How to Make a Triangle Treat Box

Cards are wonderful.  Cards are appropriate.  Sometimes, however, we want to do something more.  When a friend is hurting, sometimes she needs prayed for, hugged and a simple gift of chocolate.  :-)

Here's a little treat box I've seen here and there.  I created one that can be made to fit any size.

Just remember this simple rule: Make the lenth twice as long as the width.  The sides will always come together where you need them to.  No guess-work.

I used up almost the very last of CTMH's Avonlea paper to make this comforting treat box.  I believe the stamp set is something like, "Wishing you Comfort."  It's also CTMH.
This is super fast to make.  I made this one by cutting a length of cardstock 4" x 8".  Then I scored it in half.
Here's a picture of me marking the middle of the 4" inch sides--with just a little push of the bone folder at the 2" mark.  (I did this on both ends of the paper.)
Now you will make four score lines.  Two from each 2" mark you notched with the bone folder.  Look at the picture above.  I positioned the paper in the trimmer so that the 2" mark at one end lines up in the track with the edge of the middle score line.  Then I used my bone folding tool to create a second score line.  I rotated the paper and continued my way around the rectangle to create three more score lines.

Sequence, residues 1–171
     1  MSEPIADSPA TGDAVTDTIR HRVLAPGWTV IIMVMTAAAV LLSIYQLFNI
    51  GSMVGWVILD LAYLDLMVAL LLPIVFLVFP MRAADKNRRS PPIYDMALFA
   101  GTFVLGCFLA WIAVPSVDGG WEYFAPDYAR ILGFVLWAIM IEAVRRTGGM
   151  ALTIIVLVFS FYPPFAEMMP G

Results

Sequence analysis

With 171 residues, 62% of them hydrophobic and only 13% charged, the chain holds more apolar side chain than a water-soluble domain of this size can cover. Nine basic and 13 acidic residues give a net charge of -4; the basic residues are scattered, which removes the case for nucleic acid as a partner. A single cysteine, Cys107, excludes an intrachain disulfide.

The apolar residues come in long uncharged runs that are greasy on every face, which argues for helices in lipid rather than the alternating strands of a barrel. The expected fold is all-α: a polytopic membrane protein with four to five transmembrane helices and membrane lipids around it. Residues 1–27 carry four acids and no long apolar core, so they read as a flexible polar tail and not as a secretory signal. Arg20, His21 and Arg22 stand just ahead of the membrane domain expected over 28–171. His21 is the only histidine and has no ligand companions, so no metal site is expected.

Fold down (mountain folds) along each of the five score lines.  Notice how the triangles come together along the sides.

Punch a hole towards the top of each side.  This will hold the string/ribbon that will keep the treat box closed.

Open it back up and add your chocolate.  (Yes.  It looks a little skimpy.  No, I did not eat the rest.  This was all the chocolate I could find in my daugther's valentine stash to use as an example for the picture.  :-)

Add your ribbon.  Tie it closed with a cute knot or bow.  Finish decorating and you're done.
These little treat boxes will work for party favors or even if you work in an office or school.  One of these with a different and appropriate sentiment may be just the encouragement a co-worker needs on a rough day.
Thanks for stopping by!

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